Supplemental Feeding: Should I feed a new package of bees?
When you get your package of bees, it usually comes with a can of sugar syrup (also called sugar water). Once you have installed your package of bees in their new home, this is what you will feed them.
To feed or not to feed is a subject that has been talked to death and many articles have been written on the subject. There are a lot of different opinions on supplemental feeding honey bees and new beekeepers may end up confused. Let me say up front that honey IS the best food for bees because of all the vitamins and minerals it contains. But honey is not always available.
It is possible you have read comments and articles about the wrongness of feeding bees sugar water and are convinced it is the biggest faux pas a beekeeper can commit. You may even have decided you will never feed your bees sugar water. You may have decided to feed only honey. Maybe you have decided you will just let your bees fend for themselves.
Consider this if you have decided to let your bees fend for themselves.
A new package of bees going into a box with absolutely nothing in it will struggle, especially if there isn’t a strong spring nectar flow. Mother Nature doesn’t always cooperate and provide our bees what they need when they need it. It is up to you to help get new hive established. If you do not your bees may be very slow to:
- Build comb
- Build up stores
- Rear brood
- They could possibly die of starvation before the first year is over with.
Established beekeepers can install that package in a hive with frames already drawn out and with plenty of stores of pollen and capped honey (from their own apiary) and they should be good to go. If this is the situation you are looking at, I don’t think you need to supplemental feed!
A new beekeeper does not necessarily have this option. You may have access to used equipment and frames already drawn out or frames with capped honey and pollen stores but how do you know they are safe? How do you know the equipment is safe? Understand, you are introducing your bees to whatever was going on in the hive those frames came from. I recommend proceeding with caution if starting out with used equipment.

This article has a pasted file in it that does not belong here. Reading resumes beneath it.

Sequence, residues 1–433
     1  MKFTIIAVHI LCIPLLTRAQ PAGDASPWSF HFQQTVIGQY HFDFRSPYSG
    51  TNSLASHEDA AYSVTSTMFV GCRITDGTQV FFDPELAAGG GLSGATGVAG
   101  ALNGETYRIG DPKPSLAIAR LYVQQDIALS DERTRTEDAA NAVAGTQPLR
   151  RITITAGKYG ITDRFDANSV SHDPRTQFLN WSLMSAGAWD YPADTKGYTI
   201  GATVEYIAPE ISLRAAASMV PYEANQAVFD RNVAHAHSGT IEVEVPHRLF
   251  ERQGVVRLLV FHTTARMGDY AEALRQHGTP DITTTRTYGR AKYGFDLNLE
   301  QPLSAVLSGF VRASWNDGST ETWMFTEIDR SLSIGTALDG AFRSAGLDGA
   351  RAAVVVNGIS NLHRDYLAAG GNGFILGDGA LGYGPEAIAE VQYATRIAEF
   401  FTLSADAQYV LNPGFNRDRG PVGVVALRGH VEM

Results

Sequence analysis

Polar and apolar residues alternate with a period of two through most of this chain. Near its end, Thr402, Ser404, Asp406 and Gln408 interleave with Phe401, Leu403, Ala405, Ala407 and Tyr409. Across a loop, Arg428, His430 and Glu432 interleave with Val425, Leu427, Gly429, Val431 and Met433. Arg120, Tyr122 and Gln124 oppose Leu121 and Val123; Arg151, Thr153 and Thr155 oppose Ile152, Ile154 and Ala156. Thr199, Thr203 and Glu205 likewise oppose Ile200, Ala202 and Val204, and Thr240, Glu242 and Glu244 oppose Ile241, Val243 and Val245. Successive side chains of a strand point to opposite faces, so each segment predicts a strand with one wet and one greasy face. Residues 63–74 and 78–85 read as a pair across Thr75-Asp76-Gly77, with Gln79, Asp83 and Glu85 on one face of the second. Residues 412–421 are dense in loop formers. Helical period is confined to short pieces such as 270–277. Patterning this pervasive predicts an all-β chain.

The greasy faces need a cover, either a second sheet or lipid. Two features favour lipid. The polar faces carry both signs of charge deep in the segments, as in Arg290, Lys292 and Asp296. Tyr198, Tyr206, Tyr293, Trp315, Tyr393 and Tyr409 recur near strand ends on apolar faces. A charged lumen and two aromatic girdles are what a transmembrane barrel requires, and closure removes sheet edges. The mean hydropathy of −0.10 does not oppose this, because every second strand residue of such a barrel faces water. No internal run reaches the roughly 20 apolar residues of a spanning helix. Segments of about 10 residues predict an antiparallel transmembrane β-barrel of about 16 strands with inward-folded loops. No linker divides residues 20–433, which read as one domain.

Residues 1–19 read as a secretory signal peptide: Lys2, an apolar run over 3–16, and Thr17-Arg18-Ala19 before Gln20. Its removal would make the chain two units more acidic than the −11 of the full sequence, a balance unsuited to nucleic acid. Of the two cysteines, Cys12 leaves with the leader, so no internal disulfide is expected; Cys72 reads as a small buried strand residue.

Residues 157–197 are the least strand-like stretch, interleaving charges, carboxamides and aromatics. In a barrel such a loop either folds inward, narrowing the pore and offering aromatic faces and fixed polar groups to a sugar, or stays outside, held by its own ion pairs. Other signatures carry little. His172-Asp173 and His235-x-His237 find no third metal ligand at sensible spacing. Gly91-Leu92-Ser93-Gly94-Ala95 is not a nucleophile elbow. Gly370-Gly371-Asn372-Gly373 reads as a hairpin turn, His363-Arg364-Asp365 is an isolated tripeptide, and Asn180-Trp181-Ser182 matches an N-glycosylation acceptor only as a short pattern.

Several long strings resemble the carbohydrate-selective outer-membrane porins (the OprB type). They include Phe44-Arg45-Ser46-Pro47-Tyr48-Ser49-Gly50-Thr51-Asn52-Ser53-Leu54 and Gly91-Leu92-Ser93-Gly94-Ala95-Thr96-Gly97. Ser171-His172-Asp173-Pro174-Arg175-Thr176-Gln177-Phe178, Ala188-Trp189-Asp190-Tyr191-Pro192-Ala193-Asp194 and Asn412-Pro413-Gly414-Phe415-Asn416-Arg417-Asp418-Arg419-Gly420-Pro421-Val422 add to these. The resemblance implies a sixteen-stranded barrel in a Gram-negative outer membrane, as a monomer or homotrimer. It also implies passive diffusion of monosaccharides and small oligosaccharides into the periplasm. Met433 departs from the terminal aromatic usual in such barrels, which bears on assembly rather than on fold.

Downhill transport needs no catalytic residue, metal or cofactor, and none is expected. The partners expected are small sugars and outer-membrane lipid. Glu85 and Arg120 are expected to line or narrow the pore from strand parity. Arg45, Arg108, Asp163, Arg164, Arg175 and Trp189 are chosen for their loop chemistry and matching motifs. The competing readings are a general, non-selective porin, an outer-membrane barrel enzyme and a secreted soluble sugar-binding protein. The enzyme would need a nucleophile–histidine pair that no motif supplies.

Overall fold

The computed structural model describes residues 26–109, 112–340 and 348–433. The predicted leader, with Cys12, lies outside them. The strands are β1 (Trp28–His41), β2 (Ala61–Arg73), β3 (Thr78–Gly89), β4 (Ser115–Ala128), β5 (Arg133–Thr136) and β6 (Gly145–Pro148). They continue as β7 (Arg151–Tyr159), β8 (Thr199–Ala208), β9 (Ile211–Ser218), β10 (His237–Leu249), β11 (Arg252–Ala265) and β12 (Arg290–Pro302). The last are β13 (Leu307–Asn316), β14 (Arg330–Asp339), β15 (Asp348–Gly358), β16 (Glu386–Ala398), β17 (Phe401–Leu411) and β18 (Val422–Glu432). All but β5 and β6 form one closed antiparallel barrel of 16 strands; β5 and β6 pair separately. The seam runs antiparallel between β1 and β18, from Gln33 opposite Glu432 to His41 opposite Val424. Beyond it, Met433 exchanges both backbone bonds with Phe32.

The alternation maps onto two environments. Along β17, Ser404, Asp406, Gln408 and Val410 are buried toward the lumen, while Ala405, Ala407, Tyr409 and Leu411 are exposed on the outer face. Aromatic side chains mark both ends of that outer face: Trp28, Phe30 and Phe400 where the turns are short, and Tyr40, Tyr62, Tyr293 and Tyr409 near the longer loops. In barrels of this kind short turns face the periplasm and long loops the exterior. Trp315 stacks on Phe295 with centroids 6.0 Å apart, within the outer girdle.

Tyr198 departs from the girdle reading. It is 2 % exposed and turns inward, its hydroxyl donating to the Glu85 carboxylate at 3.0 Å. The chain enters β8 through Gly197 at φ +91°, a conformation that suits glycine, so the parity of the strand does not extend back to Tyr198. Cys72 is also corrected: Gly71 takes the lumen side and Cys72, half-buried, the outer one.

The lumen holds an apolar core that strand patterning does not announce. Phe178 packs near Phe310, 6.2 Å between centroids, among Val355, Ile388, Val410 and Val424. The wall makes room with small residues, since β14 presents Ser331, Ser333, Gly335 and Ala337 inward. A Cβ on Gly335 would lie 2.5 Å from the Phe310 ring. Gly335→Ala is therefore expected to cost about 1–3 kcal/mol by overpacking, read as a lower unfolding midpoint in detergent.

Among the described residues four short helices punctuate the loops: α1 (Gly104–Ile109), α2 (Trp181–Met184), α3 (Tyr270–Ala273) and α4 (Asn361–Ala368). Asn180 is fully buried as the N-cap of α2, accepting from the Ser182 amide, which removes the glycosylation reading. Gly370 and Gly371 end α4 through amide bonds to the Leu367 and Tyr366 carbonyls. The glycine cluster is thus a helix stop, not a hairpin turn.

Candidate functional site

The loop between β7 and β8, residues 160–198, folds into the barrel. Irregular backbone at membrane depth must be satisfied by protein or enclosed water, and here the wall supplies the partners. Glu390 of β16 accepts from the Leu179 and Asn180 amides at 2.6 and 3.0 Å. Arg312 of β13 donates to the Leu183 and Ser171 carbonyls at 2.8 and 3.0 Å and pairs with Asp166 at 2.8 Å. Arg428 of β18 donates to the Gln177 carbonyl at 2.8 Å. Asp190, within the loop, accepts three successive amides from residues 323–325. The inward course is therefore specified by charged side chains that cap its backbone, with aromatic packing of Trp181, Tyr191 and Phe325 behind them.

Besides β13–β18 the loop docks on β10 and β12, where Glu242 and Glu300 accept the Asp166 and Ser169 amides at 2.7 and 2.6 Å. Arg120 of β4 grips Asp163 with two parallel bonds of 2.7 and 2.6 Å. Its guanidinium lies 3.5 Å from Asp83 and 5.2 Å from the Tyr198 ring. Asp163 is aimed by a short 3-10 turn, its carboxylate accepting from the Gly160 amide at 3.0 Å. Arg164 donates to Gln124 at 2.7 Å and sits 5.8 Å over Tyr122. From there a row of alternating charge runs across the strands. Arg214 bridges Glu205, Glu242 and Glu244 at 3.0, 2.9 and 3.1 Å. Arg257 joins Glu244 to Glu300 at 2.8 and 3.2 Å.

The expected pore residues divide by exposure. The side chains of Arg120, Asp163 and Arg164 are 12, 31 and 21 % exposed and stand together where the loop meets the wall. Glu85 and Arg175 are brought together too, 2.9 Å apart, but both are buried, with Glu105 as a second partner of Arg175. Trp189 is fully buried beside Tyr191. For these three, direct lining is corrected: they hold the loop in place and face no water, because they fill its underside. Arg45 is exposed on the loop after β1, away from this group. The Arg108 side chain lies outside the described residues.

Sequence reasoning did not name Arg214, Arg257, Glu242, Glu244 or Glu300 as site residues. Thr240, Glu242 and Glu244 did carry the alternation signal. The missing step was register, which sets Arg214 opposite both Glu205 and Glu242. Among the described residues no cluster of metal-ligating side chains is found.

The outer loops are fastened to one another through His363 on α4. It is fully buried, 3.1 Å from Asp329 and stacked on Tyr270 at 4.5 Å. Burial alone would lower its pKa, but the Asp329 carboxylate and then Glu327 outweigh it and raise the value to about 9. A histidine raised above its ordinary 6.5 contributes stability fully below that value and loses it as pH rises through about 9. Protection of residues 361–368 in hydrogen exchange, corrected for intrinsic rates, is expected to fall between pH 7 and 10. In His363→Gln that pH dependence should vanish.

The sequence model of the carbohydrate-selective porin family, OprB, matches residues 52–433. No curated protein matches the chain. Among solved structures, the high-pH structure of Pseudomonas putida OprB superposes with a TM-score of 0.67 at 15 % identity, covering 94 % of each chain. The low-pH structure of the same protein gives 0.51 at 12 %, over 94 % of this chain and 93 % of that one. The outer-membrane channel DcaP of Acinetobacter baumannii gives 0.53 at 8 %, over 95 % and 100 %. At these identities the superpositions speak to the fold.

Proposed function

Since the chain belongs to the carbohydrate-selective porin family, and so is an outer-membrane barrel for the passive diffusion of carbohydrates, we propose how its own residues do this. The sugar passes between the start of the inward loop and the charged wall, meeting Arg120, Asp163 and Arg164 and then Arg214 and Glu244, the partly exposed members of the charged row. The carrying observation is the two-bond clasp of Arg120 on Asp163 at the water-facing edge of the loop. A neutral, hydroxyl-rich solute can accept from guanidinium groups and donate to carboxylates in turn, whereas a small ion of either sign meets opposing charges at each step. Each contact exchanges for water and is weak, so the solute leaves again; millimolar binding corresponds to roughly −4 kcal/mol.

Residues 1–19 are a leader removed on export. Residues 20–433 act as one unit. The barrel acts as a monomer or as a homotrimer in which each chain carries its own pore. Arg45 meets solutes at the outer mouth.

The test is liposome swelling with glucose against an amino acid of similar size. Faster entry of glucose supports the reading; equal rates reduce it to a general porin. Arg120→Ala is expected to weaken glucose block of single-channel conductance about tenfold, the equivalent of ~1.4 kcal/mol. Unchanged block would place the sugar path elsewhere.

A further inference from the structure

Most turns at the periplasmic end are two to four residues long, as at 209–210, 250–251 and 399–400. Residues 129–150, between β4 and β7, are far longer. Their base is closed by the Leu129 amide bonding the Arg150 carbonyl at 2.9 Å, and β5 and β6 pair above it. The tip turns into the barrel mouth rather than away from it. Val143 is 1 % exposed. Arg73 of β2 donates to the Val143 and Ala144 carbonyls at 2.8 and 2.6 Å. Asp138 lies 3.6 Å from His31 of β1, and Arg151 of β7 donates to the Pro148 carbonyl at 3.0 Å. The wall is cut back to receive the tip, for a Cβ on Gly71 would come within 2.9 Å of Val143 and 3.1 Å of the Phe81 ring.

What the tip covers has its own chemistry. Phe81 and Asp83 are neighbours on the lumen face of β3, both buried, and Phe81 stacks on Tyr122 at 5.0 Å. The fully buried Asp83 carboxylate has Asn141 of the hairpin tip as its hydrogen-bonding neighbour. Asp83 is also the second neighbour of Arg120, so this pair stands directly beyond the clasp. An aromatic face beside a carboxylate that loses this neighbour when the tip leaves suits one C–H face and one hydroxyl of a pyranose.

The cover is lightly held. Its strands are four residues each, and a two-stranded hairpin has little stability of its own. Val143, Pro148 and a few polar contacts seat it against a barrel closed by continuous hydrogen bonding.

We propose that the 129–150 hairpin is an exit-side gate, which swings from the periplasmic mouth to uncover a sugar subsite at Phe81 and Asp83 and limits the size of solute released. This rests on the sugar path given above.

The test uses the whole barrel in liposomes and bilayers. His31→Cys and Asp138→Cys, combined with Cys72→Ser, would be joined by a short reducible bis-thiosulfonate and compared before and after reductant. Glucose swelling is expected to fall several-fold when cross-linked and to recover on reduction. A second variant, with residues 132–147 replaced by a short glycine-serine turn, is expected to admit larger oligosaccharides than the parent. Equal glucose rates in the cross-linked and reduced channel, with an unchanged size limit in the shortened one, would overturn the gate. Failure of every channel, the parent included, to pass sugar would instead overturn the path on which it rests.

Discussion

If you have decided it would be in your bees best interest to feed your bees, you may be wondering WHAT to feed them.
- The best option is capped honey, from a strong healthy hive in your own apiary.
- Raw honey
- Crystalized or not crystalized honey
- Undiluted or diluted honey (diluted honey spoils quicker)
- Refined white sugar
- Organic sugar
- Sugar water/syrup made with refined white sugar or organic sugar at a 1:1 ratio
NOTE: Honey can carry AFB spores. Only feed honey from a trusted source. Chances are you could get a frame or two of capped honey from an established beekeeper. Just please be aware of the possibility of introducing pests and disease to your apiary. I do not recommend feeding bees honey from a different apiary nor do I recommend feeding them store bought honey.
DO NOT FEED YOUR BEES CORN SYRUP!
There are also different opinions about when to STOP feeding your bees. Definitely STOP feeding when you add the first honey super.
Here at 1115, I feed until they stop taking feed and/or when I start seeing capped stores on several frames. Timing is critical because I don’t want the bees to fill all their brood frames with sugar syrup/honey. This also helps me decide when to add my first honey super.
Each package of bees will need a lot of supplemental feeding to help build comb, raise brood and put up stores for winter. In having compassion on our bee friends, I feel it is very important to help them out during their first year.